Hollywood moguls awoke to stats from the first full weekend of 2012 as if from a bad dream. After a year of diminished returns and evaporating audiences, and a dread that things were bound to get even worse, the box office numbers made it seem like the good old times. A cheapo horror movie lured young-adult moviegoers back to theaters. Star-vehicle action films showed plenty of muscle. Animated rodents scampered past the $100-million mark. Grownups supported a grim movie made from a best-selling novel. And the post-New Year’s weekend was up 29% from the same three days last year. The Mayans may have forecast bad news for the end of the year, but Hollywood loves how it’s starting.
The Devil Inside, the weekend’s one new movie in wide release, proved to be a multiple shocker, to audiences and the industry. Paramount Pictures hadn’t expected much when it paid $1 million for this mashup of two exhausted subgenres — exorcism dramas and fake-found-footage horror films. Sneak-preview crowds reportedly booed the picture, and the studio predicted a $6 million haul. But The Devil scared up $2 million in Thursday midnight screenings and a sensational $14.95 million for the rest of Friday — a veritable epiphany for the Feast of the Magi. The Devil expects to finish the three-day frame with a Beelzeboffo $34.6 million at North American theaters, according to preliminary estimates, higher than the three-day opening for any film in the first two months of 2011. Not bad, considering that the first weekend of the year is generally considered Death Valley, dumpster time.
(UPDATE: Final weekend figures show that The Devil Inside earned “only” $33.7 million—still higher than any three-day debut in early 2011, when the top Jan.-Feb. hit, Green Hornet, opened to $33.5 million. Mission: Impossible – Ghost Protocol, at an actual $19.9 million, and Sherlock Homes: A Game of Shadows, at $13.7 million, also did not quite meet their estimates. But everyone remains happy.)
(MORE: TIME’s 10 Worst Movies of 2011)
What’s even weirder is that, as far as audience enthusiasm goes, The Devil got nada. The critics’ abysmal 7% assessment on the Rotten Tomatoes website might be expected; the movie wasn’t directed at discerning adults. But CinemaScore, the outfit that solicits opinions from early moviegoers, announced an unheard-of F grade. That would mean that every viewer polled had to give The Devil the very lowest mark. Apparently someone at the polling company wasn’t doing the math. “I think evil spirits corrupted CinemaScore’s model,” a Paramount executive emailed Deadline Hollywood’s Nkiki Finke. “Because the breakdown was ‘A’ = 16%, ‘B’ = 18%, ‘C’ = 24%, ‘D’ = 23%, ‘F’ = 19%. I’ll admit I went to public school but I think this should have got us a ‘C’!”
The studio will take the F, the $30-plus million and the audience that came to see the movie. Last year, young customers largely renounced filmgoing for social networking; this weekend they fell for The Devil‘s viral marketing campaign (fake 911 calls, the giggle-worthy tag line that the Vatican doesn’t want you to see this picture) and swarmed back into theaters. Nearly 60% of the movie’s ticket buyers were under 25, and 54% were males. If those groups keep returning in 2012, Hollywood will have restored its dream demographic.
Even if The Devil had tanked, the Paramount poobahs would be purring. Mission: Impossible – Ghost Protocol picked up another $20.5 million to validate Tom Cruise’s comeback campaign; in three-and-a-half-weeks it has earned $170.4 million in North America and nearly $300 million more abroad. The celestial luster of Robert Downey, Jr., was only marginally dimmer, as his action-deduction movie Sherlock Holmes: A Game of Shadows finished third with $14 million and has amassed $157.4 million domestic, plus another $177.2 million in foreign climes. Alvin and the Chipmunks: Chipwrecked ($9.5 million weekend, $111.6 million total in its fourth week) and Steven Spielberg’s 3-D CGI movie The Adventures of Tintin ($6.6 million, $61.9 million) held onto the family audience. Spielberg’s other film, the live-action epic War Horse, fared worse, dropping 40% from last week’s take although it added more than 250 screens. For this Oscar hopeful, “Neigh!” is beginning to look like “Nay.”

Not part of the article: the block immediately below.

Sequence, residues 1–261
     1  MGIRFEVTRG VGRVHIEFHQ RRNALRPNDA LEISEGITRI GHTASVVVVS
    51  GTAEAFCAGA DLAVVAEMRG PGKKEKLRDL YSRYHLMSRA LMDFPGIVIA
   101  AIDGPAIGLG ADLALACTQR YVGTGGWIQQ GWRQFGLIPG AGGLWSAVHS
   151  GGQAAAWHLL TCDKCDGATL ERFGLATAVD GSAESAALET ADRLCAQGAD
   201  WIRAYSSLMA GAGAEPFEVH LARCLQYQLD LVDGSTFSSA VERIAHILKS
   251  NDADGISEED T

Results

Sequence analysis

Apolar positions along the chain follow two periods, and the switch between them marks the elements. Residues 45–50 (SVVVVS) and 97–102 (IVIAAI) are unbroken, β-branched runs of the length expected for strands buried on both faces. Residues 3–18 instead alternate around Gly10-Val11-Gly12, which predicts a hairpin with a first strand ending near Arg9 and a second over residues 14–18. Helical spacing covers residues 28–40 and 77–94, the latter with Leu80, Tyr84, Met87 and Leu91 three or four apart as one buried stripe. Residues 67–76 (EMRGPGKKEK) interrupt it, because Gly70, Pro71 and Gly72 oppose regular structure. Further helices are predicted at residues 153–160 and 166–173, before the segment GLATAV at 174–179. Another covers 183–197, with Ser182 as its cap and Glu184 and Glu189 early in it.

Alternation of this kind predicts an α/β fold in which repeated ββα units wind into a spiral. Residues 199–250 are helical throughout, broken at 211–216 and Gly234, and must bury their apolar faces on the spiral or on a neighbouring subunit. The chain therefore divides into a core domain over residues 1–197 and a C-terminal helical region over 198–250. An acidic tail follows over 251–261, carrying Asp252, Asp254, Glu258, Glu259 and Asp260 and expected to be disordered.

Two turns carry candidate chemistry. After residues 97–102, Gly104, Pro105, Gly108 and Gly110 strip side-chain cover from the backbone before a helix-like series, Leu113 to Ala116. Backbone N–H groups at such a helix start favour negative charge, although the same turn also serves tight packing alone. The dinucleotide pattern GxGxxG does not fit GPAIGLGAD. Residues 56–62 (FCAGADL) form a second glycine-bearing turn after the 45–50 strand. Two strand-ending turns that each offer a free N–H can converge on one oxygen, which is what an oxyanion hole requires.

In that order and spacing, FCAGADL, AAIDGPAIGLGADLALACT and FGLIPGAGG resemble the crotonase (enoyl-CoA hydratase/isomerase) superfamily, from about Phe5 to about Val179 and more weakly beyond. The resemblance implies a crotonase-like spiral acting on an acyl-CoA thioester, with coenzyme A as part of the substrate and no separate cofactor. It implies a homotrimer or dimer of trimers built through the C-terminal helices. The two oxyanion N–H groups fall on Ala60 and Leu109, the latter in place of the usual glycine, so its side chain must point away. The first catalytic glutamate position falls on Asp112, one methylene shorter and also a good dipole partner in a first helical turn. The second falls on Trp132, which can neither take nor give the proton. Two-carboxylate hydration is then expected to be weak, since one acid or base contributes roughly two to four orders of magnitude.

One indie-studio film broke wider and hit bigger, as the John Le Carré spy thriller Tinker Tailor Soldier Spy expanded from 57 to 809 theaters in its fifth weekend and earned $5.8 million for a top-10 finish. The Iron Lady, with Meryl Streep’s award-winning turn as British PM Margaret Thatcher, grossed a forceful $172,000 in just five venues; it goes wider next weekend. Wim Wenders’s Pina, his 3-D tribute to choreographer Pina Bausch, jetéd to $81,000 on three New York City screens. The Iranian drama A Separation, winner of 10 critics’ awards for the year’s best foreign-language film, and an Oscar front-runner, pulled $96,000 in six theaters. And the black-lesbian coming-of-age Pariah took in $111,573 at 11 sites.
Little films and big ones alike enjoyed a strong box-office weekend. But whom to thank? Could it be…Satan?
Here are the Sunday estimates of this weekend’s top-grossing pictures in North American theaters, as reported by the Thompson on Hollywood website:
- The Devil Inside, $34.6 million, first week
- Mission: Impossible – Ghost Protocol, $20.5 million; $170.2 million, fourth week
- Sherlock Holmes: A Game of Shadows, $14 million; $157.4 million, fourth week
- The Girl With the Dragon Tattoo, $11.3 million; $73.8 million, third week
- Alvin and the Chipmunks: Chipwrecked, $ 9.5 million; $111.6 million, fourth week
- War Horse, $8.6 million; $56.8 million, third week
- We Bought a Zoo, $8.5 million; $56.5 million, third week
- The Adventures of Tintin, $6.6 million; $61.9 million, third week
- Tinker Tailor Soldier Spy, $5.5 million; $10.1 million, fifth week
- New Year’s Eve, $3.3 million; $52 million, fifth week